A few weeks ago, I published Shoulder Savers Part 1 and Part 2. People ate them up and asked for more. But truth be told, I held back in those articles. Hey, there’s only so much info you can cram into two segments!
Since I estimate that more than two-thirds of lifters will have some sort of shoulder problem during their training career, I figured it was only right to give the people what they want. Here are nine more tips just to make it a cool 25. Enjoy!
17 – Poor Man’s Soft-Tissue Work
In Part 1, I touched on the value of soft-tissue work for keeping your shoulder girdles healthy, recommending Active Release Techniques® (ART) as one of several options along these lines.
Now, I’ll be the first to admit that my palpation skills leave a lot to be desired; it takes years of practice to get really good at finding the tiniest intricacies of the body’s soft tissues through the skin. I do, however, understand functional anatomy and the premise behind ART – and I have a thumb.
As such, I experimented on a few training partners and found a few rudimentary patterns that yield appreciable benefit immediately. Keep in mind that these pale in comparison to what you’re getting with a true ART practitioner, but they’ll fill in the gaps between your “real” sessions. These aren’t intended to be a substitute for work with a qualified professional; they’re just some casual observations that ought to make your wife, girlfriend, or training partner’s freebies a little more effective.
The pectoralis major and levator scapulae/upper trapezius are among the most “balled-up” regions in the shoulder girdle; it really helps to get them loosened up. We know that with ART, we’re going from a shortened state to a lengthened state with each pass, so as long as we understand functional anatomy, we can go to town.
For the pectoralis major, a shortened state (our starting position for each pass) will be one where the humerus is internally rotated, flexed, and horizontally adducted (and scapular protraction will help the cause as well). Notice the pronation that occurs below the elbow in order to encourage the humerus into internal rotation.
If you can’t find the pec with your thumb, you need to stop mixing paint chips into your Surge. Dig in (as hard as your buddy can tolerate) at any of several points along the muscle belly and tendon, and bring the humerus into external rotation and horizontal abduction (directly out to the side).
However, you’ll find that most people get more bang for their buck from moving the arm to a point between overhead and directly out to the side:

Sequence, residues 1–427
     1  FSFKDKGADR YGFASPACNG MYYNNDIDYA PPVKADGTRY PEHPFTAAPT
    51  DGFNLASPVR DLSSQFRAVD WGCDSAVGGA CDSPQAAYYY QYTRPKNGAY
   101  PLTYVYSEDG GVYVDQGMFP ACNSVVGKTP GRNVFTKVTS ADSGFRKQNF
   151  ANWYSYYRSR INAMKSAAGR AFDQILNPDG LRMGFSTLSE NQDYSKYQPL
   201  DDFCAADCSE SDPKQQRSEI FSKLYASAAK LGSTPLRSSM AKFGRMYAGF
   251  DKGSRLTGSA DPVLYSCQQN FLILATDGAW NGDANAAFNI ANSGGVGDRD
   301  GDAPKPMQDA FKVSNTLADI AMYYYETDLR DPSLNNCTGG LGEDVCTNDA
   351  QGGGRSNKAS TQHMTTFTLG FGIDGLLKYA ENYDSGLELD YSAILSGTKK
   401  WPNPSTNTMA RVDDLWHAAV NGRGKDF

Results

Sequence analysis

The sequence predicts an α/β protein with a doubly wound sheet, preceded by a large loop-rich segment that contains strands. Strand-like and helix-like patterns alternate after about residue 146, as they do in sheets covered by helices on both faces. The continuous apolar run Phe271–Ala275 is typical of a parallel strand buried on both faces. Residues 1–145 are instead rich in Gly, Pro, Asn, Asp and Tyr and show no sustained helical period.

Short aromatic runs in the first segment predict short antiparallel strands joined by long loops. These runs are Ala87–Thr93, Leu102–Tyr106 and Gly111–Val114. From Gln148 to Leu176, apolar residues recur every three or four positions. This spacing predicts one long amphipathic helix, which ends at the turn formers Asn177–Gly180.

For the levator scapulae, our shortened position is one where the scapula is hiked up and the head is turned to the same side. Sit the lifter down and stand behind him. Dig your thumb into the levator scapulae/upper trap region (it doesn’t need to be perfect) and gradually move the person’s head down toward the opposite foot as you push the shoulder blade down.
Again, this doesn’t even come close to what you’ll get with a true ART session, but it’s still much better than a plain ol’ massage from your wife or girlfriend who really doesn’t know what she’s massaging. Just don’t expect your training partner to give you a “happy ending.”
18 – Band Traction
Dave Tate has raved about traction work in the past. And if something gives results on a shoulder girdle as messed up as Dave’s, you better take notice!
Many shoulder problems result from a compromised subacromial space: there isn’t enough room between the humeral head and the acromion process. As a result, the tendons of the rotator cuff are impinged upon as the arm is elevated.
Now, we’ve got plenty of tools in our training arsenal to correct the problem (see Parts I and II for details), but that’s not to say that there isn’t some extra work we can do to help the cause. Traction with bands (or a partner pulling on the arm) can give those tendons a little breathing room to offer both short-term pain relief and longer-term favorable changes to joint structure.
You can perform the traction from any of several positions. Check out Dave’s article, The Band Man, for details.
19 – Blue Heat
Okay, it’s a veterinary product, but it’s not what you think!
Some guys just need that extra help when it comes to warming up. Blue Heat is a mainstay in the South Side arsenal. When you walk into the gym for the Friday bench session, this is the first thing you smell. Blue Heat definitely helped me out a ton in overcoming an acromioclavicular (AC) joint problem I had in the past, and I always keep a bottle in my training bag for the days that the ol’ taters need a little extra help in getting warmed up. Works great on elbows, too.